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Ginny Fields- 5th Dist & Mike Fitzpatrick 7th dist NY Assem

February 27, 2009 @ 12:00 am EST


This morning we had a slightly different format. The speakers gave us their take on the state of the schools and what a perverse effect taxes have had on our region. 5th Assembly representative Ginny Fields and 7th Assembly representative Mike Fitzpatrick gave us opening statements on school taxes and the reason for out of control costs. Presently Long Islanders are the second highest taxed citizens in the nation.


They pointed out to us that 70% of our property taxes are used for schools. That percentage has risen from about 40% back in the 70’s. The schools will tell you that the cost is high because the quality of education is high. At the same time Suffolk Community College and SUNY reports that 30% of new students need remedial reading. Obviously there is an inconsistency in these numbers.


The speakers were asked about the driving forces underlying the increases. The reasons are many. One of the reasons is that all of the education employees are still in Defined Benefit Plan pensions. The economic realities have caused private companies to abandon DBP pensions years ago. To satisfy the needs of these plans in economic bad times means considerably higher costs to the taxpayer, and as a result we can expect another whopping increase in school taxes next year, according to Mr. Fitzpatrick.


Another problem is fraud and waste. Let’s talk about waste first. The need to have as much administration in our schools as we do is not justified by any argument that the school administrators can give us. It was pointed out the Fire Island School district has 78 students and has a superintendent all its own. That superintendent gets paid $178,000 per year plus pension, plus health benefits, sick days, personal days and all of the other benefits usually awarded. The total cost of that person is probably $228,000. If you divide that number by the number of pupils (78). That comes out to over $2900 per student before you pay for a principal’s salary, teachers, building repairs, property insurance, heat, power, and all other costs.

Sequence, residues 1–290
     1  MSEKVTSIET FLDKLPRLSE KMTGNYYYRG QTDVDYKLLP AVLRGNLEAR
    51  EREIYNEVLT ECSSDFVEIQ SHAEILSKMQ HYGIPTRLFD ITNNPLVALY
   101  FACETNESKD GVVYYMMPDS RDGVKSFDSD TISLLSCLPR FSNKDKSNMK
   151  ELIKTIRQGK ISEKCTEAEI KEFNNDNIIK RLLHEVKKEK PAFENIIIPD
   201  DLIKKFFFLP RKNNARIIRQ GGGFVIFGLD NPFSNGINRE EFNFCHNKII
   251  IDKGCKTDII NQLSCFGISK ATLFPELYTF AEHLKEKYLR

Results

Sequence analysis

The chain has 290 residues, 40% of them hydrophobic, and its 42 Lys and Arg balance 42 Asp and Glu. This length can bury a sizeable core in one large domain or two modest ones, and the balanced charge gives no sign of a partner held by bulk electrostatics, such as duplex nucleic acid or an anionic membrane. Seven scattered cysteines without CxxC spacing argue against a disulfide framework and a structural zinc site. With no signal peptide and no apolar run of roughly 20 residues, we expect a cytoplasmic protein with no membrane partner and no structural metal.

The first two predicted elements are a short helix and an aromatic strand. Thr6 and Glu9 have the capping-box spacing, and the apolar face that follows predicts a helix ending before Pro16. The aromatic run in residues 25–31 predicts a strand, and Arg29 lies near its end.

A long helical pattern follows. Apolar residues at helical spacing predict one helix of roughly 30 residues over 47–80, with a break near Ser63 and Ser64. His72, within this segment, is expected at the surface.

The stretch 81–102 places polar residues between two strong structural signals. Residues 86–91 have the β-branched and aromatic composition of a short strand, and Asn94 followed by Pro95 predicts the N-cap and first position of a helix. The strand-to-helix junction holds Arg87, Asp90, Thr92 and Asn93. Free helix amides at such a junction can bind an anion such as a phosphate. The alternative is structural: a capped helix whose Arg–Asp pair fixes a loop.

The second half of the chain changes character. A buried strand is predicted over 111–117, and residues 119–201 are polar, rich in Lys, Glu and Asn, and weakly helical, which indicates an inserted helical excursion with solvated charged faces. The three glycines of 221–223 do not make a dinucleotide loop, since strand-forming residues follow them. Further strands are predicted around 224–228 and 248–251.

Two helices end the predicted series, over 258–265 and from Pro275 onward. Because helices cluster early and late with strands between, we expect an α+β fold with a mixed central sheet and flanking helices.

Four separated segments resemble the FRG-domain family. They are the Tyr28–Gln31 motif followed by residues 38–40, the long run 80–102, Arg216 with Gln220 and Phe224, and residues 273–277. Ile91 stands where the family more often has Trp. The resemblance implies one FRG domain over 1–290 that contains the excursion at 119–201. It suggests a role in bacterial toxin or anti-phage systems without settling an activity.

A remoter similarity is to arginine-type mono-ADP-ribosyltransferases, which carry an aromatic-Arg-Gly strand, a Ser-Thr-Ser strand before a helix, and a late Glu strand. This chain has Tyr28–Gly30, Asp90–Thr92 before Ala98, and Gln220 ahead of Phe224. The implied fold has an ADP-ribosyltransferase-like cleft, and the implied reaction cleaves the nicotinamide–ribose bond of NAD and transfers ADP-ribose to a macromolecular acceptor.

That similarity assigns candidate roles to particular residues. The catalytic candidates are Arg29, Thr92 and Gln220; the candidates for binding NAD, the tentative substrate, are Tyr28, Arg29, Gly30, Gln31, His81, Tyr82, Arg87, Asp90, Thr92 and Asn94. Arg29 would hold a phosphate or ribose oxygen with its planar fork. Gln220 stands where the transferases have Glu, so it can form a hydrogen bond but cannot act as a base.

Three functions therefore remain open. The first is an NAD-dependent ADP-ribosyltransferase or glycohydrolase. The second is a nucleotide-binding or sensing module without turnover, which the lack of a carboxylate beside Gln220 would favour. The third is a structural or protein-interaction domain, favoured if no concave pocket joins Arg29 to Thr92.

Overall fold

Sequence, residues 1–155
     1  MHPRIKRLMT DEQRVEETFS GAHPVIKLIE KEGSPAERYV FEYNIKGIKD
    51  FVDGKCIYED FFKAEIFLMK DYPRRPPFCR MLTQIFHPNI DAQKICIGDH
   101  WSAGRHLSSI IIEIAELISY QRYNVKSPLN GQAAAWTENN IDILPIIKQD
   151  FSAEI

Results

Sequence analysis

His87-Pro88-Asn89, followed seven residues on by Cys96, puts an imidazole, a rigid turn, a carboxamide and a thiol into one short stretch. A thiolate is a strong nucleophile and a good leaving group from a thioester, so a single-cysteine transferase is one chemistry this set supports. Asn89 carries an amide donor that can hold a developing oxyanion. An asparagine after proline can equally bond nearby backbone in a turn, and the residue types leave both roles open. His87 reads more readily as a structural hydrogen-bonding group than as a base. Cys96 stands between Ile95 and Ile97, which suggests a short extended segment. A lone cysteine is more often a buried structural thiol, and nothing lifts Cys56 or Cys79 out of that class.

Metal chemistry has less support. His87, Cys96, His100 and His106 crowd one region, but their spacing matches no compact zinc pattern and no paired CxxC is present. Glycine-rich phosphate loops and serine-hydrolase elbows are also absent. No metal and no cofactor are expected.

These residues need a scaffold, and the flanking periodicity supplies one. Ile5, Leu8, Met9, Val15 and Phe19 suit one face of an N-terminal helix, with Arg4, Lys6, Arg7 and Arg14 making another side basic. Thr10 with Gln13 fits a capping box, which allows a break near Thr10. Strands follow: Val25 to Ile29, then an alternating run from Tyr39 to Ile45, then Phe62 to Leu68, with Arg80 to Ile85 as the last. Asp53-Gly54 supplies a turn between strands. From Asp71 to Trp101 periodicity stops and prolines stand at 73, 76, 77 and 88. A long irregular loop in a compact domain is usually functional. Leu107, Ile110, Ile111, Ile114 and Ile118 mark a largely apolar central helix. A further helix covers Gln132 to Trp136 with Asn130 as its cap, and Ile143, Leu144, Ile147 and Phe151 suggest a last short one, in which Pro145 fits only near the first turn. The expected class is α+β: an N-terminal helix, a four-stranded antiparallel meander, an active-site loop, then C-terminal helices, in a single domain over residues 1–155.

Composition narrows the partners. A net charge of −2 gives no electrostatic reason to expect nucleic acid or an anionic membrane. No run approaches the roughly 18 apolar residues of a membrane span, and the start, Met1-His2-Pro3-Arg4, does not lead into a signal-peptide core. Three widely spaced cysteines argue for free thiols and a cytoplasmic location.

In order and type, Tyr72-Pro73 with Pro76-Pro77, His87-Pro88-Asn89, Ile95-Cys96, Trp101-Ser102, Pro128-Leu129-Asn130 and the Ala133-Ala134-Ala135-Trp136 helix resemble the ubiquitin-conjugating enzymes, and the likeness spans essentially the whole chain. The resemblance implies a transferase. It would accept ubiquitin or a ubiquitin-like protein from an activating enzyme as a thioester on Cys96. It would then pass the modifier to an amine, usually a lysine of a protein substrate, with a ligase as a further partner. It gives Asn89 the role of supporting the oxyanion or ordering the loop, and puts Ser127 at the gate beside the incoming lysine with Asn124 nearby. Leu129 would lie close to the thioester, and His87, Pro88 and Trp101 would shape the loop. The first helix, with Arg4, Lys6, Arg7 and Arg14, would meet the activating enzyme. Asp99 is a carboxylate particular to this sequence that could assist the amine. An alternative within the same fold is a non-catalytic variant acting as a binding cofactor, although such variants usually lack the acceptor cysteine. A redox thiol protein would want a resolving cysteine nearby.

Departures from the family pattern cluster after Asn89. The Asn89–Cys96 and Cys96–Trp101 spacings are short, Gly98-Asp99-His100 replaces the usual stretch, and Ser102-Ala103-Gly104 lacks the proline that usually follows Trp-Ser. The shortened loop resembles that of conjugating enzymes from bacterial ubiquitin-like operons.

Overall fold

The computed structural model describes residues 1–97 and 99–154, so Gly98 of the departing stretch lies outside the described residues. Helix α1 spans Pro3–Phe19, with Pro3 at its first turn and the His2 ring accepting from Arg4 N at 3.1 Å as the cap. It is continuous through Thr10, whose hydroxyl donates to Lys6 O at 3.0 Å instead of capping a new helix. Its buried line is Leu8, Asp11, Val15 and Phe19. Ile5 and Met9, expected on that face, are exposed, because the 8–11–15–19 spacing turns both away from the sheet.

One of the people in the audience had a copy of the Sayville teacher’s union contract. The contract reflected a 28% increase over the next four years. This is an unconscionable disregard for the taxpayers.


Another reason for out of control cost is lack of countervailing power. Unions and management agreements work best when the parties are of similar power. The question is; who is there to tell the unions no?


The school districts will tell you that the ludicrous number of districts (126) is needed to maintain control, but recent revelations by Newsday that uncovered numerous phony pensions demonstrated that school districts have no incentive to run a clean operation. Fraud simply does not matter as long as they can stick the taxpayer with the bill.


If you were in the audience this morning you know I covered only the most salient points. The real picture is worse.


## Ernie Fazio ##



February 27, 2009
12:00 am EST